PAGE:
Ratings revolution

Nielsen to consider other programming platforms

Nielsen Media Research plans to change radically the way it measures TV viewing, developing a new system that will follow viewers as they migrate from TV to iPods to the Internet and back again.

Under the new initiative, which Nielsen has dubbed Anytime Anywhere Media Measurement, or A2/M2, the company plans eventually to start counting other platforms on which viewers can now catch programming. Beyond iPods and the Internet, cell phones and other mobile devices would also be included.

The most striking change, though, is Nielsen’s decision to move to an all-electronic ratings gathering system by 2011. That means the frequently unreliable diaries still used in most medium- and small-sized markets to count local demo ratings (and in the smallest of markets are the only means of ratings) will eventually be trashed in favor of new approaches.

Nielsen also plans to include all out-of-home viewing in its data — which would include bars, hotels, restaurants, trains, cars and other homes — adding personal meters to measure such viewing by 2008. The ratings service has long been criticized for not counting viewing that takes place away from the household.

Nielsen Media Research prexy-CEO Susan Whiting said the company will launch “the most extensive research and testing program in the company’s history.”

“A2/M2 is the result of extensive consultation with clients, who told us clearly that we should ‘follow the video’ and deliver integrated measurement of all television-like content regardless of platform,” Whiting said.

Nielsen and its sibling NetRatings hope to start including Internet viewing to its People Meter ratings next year; the company will start offering some data this summer through which clients can start comparing TV and Internet usage.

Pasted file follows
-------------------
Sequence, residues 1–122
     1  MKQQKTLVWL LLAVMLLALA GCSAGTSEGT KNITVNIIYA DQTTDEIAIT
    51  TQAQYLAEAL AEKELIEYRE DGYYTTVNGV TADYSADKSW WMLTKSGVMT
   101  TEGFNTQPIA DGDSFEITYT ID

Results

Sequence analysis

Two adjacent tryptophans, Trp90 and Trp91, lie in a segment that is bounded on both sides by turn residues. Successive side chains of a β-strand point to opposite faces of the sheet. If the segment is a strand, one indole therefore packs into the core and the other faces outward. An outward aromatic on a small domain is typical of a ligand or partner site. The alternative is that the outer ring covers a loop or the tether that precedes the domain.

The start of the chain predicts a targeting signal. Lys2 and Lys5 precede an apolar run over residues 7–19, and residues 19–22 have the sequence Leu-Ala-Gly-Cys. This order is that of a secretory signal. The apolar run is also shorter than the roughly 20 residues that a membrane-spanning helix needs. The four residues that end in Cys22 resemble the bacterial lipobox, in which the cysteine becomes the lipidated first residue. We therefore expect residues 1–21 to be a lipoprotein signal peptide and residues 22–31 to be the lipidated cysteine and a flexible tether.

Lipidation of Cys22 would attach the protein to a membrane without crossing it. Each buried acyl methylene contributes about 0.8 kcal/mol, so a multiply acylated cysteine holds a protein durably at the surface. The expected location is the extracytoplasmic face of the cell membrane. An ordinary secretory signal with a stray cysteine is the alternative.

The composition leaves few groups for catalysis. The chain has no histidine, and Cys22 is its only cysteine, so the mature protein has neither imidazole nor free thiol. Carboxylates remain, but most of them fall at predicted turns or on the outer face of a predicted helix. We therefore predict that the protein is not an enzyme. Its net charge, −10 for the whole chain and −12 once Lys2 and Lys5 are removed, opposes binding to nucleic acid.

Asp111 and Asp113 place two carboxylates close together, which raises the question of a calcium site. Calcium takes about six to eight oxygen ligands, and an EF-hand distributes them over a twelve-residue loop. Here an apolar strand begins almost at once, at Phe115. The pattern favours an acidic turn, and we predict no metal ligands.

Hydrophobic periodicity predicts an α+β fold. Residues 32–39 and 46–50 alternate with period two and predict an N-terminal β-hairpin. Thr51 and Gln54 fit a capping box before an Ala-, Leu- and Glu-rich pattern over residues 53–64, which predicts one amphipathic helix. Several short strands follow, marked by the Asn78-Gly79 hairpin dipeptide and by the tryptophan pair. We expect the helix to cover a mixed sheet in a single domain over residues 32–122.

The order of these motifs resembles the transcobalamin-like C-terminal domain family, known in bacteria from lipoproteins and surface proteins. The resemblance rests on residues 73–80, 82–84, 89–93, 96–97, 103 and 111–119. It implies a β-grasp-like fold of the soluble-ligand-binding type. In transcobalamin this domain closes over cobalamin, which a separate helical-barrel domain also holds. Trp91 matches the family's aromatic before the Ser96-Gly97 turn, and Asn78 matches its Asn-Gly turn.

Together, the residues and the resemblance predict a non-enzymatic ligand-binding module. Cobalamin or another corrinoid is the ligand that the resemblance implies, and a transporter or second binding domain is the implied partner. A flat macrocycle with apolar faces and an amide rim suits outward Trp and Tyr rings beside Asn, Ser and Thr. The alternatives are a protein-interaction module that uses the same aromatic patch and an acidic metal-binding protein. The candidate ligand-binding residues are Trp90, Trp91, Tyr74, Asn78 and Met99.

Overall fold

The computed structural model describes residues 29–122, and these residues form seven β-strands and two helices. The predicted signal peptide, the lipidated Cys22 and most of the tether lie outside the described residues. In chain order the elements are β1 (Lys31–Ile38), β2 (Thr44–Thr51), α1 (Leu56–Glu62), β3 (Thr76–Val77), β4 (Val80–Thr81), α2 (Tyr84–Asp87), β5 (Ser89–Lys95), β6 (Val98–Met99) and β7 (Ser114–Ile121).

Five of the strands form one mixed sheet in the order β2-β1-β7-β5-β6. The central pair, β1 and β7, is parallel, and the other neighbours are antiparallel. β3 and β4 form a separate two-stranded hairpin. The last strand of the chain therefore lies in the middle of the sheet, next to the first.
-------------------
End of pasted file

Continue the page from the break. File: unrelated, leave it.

Meanwhile, Nielsen said it is testing a new Go Meter to measure out-of-home viewing and a Solo Meter to measure portable media devices. The company is also looking into consumer usage of such devices, in one instance creating a 400-person panel of iPod users.

As for the local measurement switch, Nielsen plans to add another 15 markets to its roster of Local People Meter users (which currently encompasses the top 10 local TV markets), starting with Houston, Seattle and Tampa in October 2007.

Starting in 2008, Nielsen will replace diaries in markets 26 through 60 by introducing a new Active/Passive meter that can be set next to the TV and wirelessly collect viewing data.

As for the other medium and small-sized markets, Nielsen plans to replace paper by mailing out battery-powered meters to homes in markets 61 to 125. It is still investigating various ways (such as set-top boxes and Internet diaries) to electronically gather viewing info in the nation’s smallest markets.

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